Staying Socially Connected Through Assistive Technology (AT)
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In honor of Developmental Disability Awareness month, here is a story by Eileen Dallabrida highlighting the difference technology can make during the pandemic to help keep spirits high.Thank you, DATI, the Delaware AT Act Program, for the permission to re-post. (The story was first published by the Center for Disability Studies at the University of Delaware which also houses DATI.)
No matter where she is, Anna Sabo stays connected to family and friends, chatting with her cousin via FaceTime during a road trip to Wyoming, singing along with musicals, and attending dance classes via Zoom.
Anna, 11, obtained the technology she needs to keep in touch through CSI Delaware (Combating Social Isolation and Promoting Community Engagement through Assistive Technology), a new program from UD’s Center for Disabilities Studies (CDS) that matches individuals with intellectual and developmental disabilities with devices that help keep them linked to family, friends, and activities. The devices, including software and apps, are provided at no cost to the individuals and are theirs to keep.
“During the pandemic, many people with intellectual and developmental disabilities feel even more isolated. Many in community residences couldn’t even visit with their families. We knew that technology could help them stay connected with others,” says CDS [and DATI] Director Beth Mineo.
Anna, a sixth-grader, was diagnosed at birth with Down Syndrome. Her new iPad offers the latest technology, an array of apps, and has a case with a handle, so she can carry it while she is dancing to “Annie,” her favorite musical.
Each device that CSI Delaware provides is personalized to meet the needs of the individual who uses it, says Allison Berdoulay, the project coordinator. One young man received and now uses the TouchChat app, which allows him to communicate by clicking on images associated with words selected just for him. To help him hear the words he is selecting, his iPad is outfitted with amplified speakers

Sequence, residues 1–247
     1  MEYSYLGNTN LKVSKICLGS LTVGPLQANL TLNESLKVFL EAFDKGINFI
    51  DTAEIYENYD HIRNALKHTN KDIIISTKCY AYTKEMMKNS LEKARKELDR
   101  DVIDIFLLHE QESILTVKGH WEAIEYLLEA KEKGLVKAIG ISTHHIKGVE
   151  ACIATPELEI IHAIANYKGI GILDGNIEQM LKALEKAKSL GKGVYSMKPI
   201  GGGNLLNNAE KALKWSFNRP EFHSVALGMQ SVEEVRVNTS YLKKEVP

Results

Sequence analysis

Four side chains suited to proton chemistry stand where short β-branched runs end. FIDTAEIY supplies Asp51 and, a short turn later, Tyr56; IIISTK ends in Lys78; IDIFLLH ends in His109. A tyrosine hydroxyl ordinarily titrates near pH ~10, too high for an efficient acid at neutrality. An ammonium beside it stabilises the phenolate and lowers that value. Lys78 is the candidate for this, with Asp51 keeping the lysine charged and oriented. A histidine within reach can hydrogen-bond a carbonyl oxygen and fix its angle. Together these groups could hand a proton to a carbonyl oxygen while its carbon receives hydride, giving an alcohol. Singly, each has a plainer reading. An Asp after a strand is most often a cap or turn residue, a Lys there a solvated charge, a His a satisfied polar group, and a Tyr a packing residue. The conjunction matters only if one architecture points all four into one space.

The program also has provided such devices as a laptop with a printer, and a Samsung Galaxy tablet that syncs with the client’s existing Android phone. Others have received the app InnerVoice, which helps children with autism communicate through a personalized avatar with life-like mouth movements as it generates speech.
CSI is funded in part by the Delaware Developmental Disabilities Council and includes evaluation to ensure that the technology is well-matched to the individual’s needs and training, if needed, in person or remotely. The goal is to make communication accessible. Obtaining the device is simple, too.
“It was super easy, filling out a form and responding to a couple of emails. The hardest part was picking out a color,” says Anna’s mom, Ashley Sabo.
The AT3 Center, the Association of AT Act Programs (ATAP), and the Administration on Community Living (ACL) make no endorsement, representation, or warranty expressed or implied for any product, device, or information set forth in this blog. The AT3 Center, ATAP, and ACL have not examined, reviewed, or tested any product or device hereto referred.
The Assistive Technology Act Training and Technical Assistance Center(AT3/AT3 Center) is a project funded under grant award # 90ATTA0001 by the U.S. Department of Health and Human Services Administration for Community Living (ACL). AT3 provides technical assistance and supports to State Assistive Technology (AT) Programs funded under Section 4 of the Assistive Technology Act of 1998, as amended (P.L. 108-364). The AT3 Center is a sponsored project of the Association of Assistive Technology Act Programs (ATAP) The information on this website does not necessarily reflect the position or policy of ACL, and no official endorsement should be inferred.
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